Monday, November 15, 2010

Zinedine Zidane

By Daniel Rubin

Zinedane Zidane is a retired French soccer player. He was born in Marseille in 1972 and is of Algerian descent. Zidane played for various club teams throughout Europe and the French national team. He is regarded by many as one of the greatest soccer players ever (Zinedine Zidane). Professional soccer player David Beckham once stated that Zidane is the greatest player of all time (Zidane). While Zidane is known throughout the soccer world for his World Cup achievements as well as club soccer achievements, it is his World Cup appearances that gave Zidane wide international recognition. However, his World Cup appearances cannot summarize the brilliant soccer career of Zidane.

Zidane made his first World Cup appearance in the 1998 World Cup, hosted in his home country of France.France made it to the championship game against the defending world champions, Brazil. In the championship game, Zidane scored two goals in a 3-0 victory ( That game transformed Zidane into a national hero, and brought him into the international spotlight.

Between the 1998 and 2002 World Cups, Zidane won two FIFA World Player of the Year awards and signed the most expensive professional soccer contract in history with European powerhouse Real Madrid. In the 2002 World Cup, Zidane was injured for the first two games, and France failed to advance past Group Play (

2006 was Zidane’s final World Cup. He announced that after the World Cup, he was going to retire. Zidane led the French to the championship game against Italy. Prior to the championship game, Zidane was awarded the Golden Ball award, given to the most outstanding player of the World Cup. In what wound up being Zidane’s last game, tied 1-1 in overtime, Zidane was ejected for headbutting Italian player Marco Materazzi ( As seen in the video, Materazzi and Zidane exchanged words before Zidane retaliated with the heatbutt. A red card immediately followed, and Zidane left the field.

In an interview, Zidane apologizes for his actions, but says he does not regret what he did. "’It was inexcusable. I apologise,’ said the 34-year-old Zidane. ‘But I can't regret what I did because it would mean that he was right to say all that’” (I’m sorry). Through a press release, or public revelation, Zidane claims that Materazzi provoked him by insulting Zidane’s sister and mother. Zidane stated, “"You hear them once and you try to move away. But then you hear them twice, and then a third time. I am a man and some words are harder to hear than actions. I would rather have taken a blow to the face than hear that" (I’m sorry). Italy wound up winning the match 5-3 in a penalty kick shootout. Zidane was not allowed to participate in the shootout. The loss was very difficult for the French team, and to this day is still a sensitive subject with many Parisians.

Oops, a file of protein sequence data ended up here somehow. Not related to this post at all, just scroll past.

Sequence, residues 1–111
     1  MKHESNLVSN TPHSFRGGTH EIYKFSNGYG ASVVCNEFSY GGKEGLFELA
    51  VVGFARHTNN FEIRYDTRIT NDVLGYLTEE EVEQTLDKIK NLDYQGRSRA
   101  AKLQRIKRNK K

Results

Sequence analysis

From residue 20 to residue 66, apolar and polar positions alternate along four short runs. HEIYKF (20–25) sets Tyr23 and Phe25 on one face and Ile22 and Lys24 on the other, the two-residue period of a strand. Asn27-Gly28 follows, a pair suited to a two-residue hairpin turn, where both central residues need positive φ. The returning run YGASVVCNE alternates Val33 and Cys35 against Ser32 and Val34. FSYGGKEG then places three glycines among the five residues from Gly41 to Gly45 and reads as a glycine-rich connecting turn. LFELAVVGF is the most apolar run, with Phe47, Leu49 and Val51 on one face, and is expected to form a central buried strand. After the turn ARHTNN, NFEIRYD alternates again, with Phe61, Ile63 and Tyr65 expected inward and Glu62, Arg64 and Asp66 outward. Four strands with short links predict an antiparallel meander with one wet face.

The headbutt however, received international media exposure. It was replayed many times on sports news channels and spread all over the internet. Parity videos have become popular on YouTube, becoming somewhat of a media spectacle. While Zidane’s brilliant career wasn’t completely tarnished by this event, to the non-soccer fanatics, it is certainly something that is Zidane is remembered by. What is forgotten though, is that Zidane’s career was much more decorated that the one headbutt incident. He was a three time world player of the year, played 18 professional seasons, and had 106 international appearances ( Zidane is France’s fourth player with 100 or more international appearances (Zinedine Zidane).

The French team, being the World Cup runner up in 2006, entered the 2010 World Cup without Zidane, but with hopes of making it back to the World Cup Championship. However, the 2010 World Cup turned out to be an embarrassing disaster for the French. After being substituted out of the game during a 2-0 loss to Mexico during Group Play, French player Nicolas Anelka said some explicit words to Coach Raymond Domenech.Already seen as a controversial coach, Domenech responded by dismissing Anelka from the team. The dismissal led to the French team boycotting the following practice in support of Anelka. Different sources have hinted that this was a scandal of the French Football Federation (World Cup 2010: France squad).

Amongst the chaos, Zidane criticized the French team for “striking”. While Zidane said he didn’t always agree with Domenech, he still believes the players were out of line. According to The Telegraph, Zidane believed, “France's players should have trained Sunday instead of boycotting practice in protest at Nicolas Anelka's expulsion from the squad” (Odgen). The French team wound up with two losses and a draw, resulting in them finishing last in their Group, failing to advance to the next round (2010 FIFA World Cup). This was the second disappointing ending to a World Cup in a row for France. However, the implosion of the 2010 team might have helped to lessen the remembrance of Zidane’s ugly exit of international soccer. At a minimum, the 2010 soccer catastrophe put in perspective how a minor flaw at the end of Zidane’s last game doesn’t tarnish an otherwise brilliant career.

Since retiring from soccer, Zidane has remained active in the soccer community. In 2009, Zidane was named Advisor to the President of the Real Madrid soccer team. Zidane also actively supports many charities, and regularly plays in soccer charity events (Zinedine Zidane). Despite the ugly ending to his brilliant career, Zidane remains an iconic soccer figure to the people of France.

His footprint is molded into the promenade along the coast of Monaco, along with other French celebrities. While he received the most media exposure during his 1998 and 2006 World Cups, those two brief excerpts of Zidane’s career cannot begin to summarize the brilliance of Zidane’s career as a French professional soccer player.


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